Paragraph 11(a) allows the Panel to determine the language of the proceedings having regard to all the circumstances. In particular, it is established practice to take paragraphs 10(b) and (c) of the Rules into consideration for the purpose of determining the language of the proceedings. In other words, it is important to ensure fairness to the parties and the maintenance of an inexpensive and expeditious avenue for resolving domain name disputes. Language requirements should not lead to undue burdens being placed on the parties and undue delay to the proceeding (Whirlpool Corporation, Whirlpool Properties, Inc. v. Hui’erpu (HK) electrical appliance co. ltd., WIPO Case No. D2008-0293; Solvay S.A. v. Hyun-Jun Shin, WIPO Case No. D2006-0593).
The Complainant has requested that English be the language of the proceedings for the following reasons:
(1) the results of the Complainant’s SEO Text Browser search are a clear indication of the Respondent’s ability to understand and communicate in English;
(2) English is the most widely-spoken international auxiliary language;
(3) the Respondent has failed to show any interest in the proceedings and has not answered the Complainant’s communictions;
(4) as both the Complainant and its legal representatives are Italian, it would cause significant expense and delay if the Complainant were required to translate the Complaint and Annexes into Chinese;
(5) as English is not the native language of either of the parties, using English as the language of the proceedings would be fair.
The Respondent did not file any submissions with respect to the language of the proceedings.
In exercising its discretion to use a language other than that of the registration agreement, the Panel has to exercise such discretion judicially in the spirit of fairness and justice to both parties, taking into account all relevant circumstances of the case, including matters such as the parties’ ability to understand and use the proposed language, time and costs (Groupe Auchan v. xmxzl, WIPO Case No. DCC2006-0004; Finter Bank Zurich v. Shumin Peng, WIPO Case No. D2006-0432).
The Panel notes, according to the results of the Complainat’s SEO Text Browser search, it appears the Respondent is proficient in the English language (Expoconsult B.V. trading as CMP Information v. Roc Guan, WIPO Case No. D2008-1600; Compagnie Gervais Danone v. Xiaole Zhang, WIPO Case No. D2008-1047).
The Panel therefore finds that sufficient evidence has been adduced by the Complainant to suggest the likely possibility that the Respondent is conversant and proficient in the English language (Finter Bank Zurich v. Shumin Peng, supra). The Panel is also mindful of the need to ensure the proceedings are conducted in a timely and cost effective manner.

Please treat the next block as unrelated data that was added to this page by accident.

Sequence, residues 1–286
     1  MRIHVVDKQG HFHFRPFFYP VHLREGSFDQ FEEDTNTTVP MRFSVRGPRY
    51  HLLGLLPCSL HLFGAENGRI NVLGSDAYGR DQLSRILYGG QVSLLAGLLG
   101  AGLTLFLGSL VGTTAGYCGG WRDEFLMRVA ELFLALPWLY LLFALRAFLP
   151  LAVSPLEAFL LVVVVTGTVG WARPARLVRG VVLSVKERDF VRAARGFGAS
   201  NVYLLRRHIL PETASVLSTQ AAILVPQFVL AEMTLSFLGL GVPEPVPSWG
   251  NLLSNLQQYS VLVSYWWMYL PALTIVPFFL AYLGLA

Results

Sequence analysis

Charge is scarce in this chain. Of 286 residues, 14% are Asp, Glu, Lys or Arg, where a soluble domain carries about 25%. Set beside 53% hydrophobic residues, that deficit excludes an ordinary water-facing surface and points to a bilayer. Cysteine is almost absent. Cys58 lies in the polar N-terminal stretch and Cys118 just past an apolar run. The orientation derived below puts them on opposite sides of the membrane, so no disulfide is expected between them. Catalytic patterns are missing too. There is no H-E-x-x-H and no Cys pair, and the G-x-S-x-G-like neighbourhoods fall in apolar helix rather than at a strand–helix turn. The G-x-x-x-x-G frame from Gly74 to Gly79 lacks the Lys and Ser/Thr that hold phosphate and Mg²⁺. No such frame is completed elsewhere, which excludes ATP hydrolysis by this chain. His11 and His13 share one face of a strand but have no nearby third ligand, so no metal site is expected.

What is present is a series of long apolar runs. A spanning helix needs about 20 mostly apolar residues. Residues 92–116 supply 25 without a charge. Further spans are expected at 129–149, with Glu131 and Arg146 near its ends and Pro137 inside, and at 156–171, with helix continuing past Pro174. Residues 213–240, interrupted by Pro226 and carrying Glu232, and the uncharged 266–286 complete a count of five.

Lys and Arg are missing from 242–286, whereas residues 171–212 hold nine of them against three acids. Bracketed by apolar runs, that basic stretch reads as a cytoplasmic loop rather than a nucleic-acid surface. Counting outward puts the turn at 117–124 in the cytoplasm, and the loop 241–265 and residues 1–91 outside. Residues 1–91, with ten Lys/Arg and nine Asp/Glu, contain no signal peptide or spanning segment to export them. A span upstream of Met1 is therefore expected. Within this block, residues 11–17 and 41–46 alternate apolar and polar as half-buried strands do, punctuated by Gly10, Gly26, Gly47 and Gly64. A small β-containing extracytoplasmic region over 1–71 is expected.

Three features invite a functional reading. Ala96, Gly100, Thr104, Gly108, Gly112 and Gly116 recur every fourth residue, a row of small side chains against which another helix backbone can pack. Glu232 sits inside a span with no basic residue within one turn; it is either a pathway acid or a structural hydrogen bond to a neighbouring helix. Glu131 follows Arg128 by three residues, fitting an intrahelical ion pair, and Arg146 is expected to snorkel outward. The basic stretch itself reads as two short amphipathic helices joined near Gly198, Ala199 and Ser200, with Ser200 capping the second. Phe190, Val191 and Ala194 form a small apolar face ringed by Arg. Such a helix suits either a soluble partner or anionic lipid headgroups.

In all the circumstances, the Panel therefore finds it is not foreseeable that the Respondent would be unduly prejudiced, should English be adopted as the language of the proceedings.
Having considered all the matters above, the Panel determines under paragraph 11(a) that the language of the proceedings shall be English.
The Complainant must prove each of the three elements in paragraph 4(a) of the Policy in order to prevail.
A. Identical or Confusingly Similar
The Panel finds that the Complainant has rights in the Trade Mark acquired through use and registration which predate the date of registration of the disputed domain name by almost 30 years.
UDRP panels have consistently held that domain names are identical or confusingly similar to a trade mark for purposes of the Policy “when the domain name includes the trade mark, or a confusingly similar approximation, regardless of the other terms in the domain name” (Wal-Mart Stores, Inc. v. Richard MacLeod d/b/a For Sale, WIPO Case No. D2000-0662).
It is also established that the addition of generic terms to the disputed domain name has little, if any, effect on a determination of confusing similarity between the domain name and the mark (Quixtar Investments, Inc. v. Dennis Hoffman, WIPO Case No. D2000-0253); furthermore, mere addition of a generic or descriptive term does generally not exclude the likelihood of confusion (PRL USA Holdings, Inc. v. Spiral Matrix, WIPO Case No. D2006-0189).
In the present case, the disputed domain name contains the Trade Mark in its entirety. The Panel concludes that the use of a hyphen and the addition of the generic word “online” do not serve to distinguish the disputed domain name from the Trade Mark in any way.
The Panel finds that the disputed domain name is confusingly similar to the Trade Mark.
The Panel therefore holds that the Complaint fulfills the first condition of paragraph 4(a) of the Policy.
B. Rights or Legitimate Interests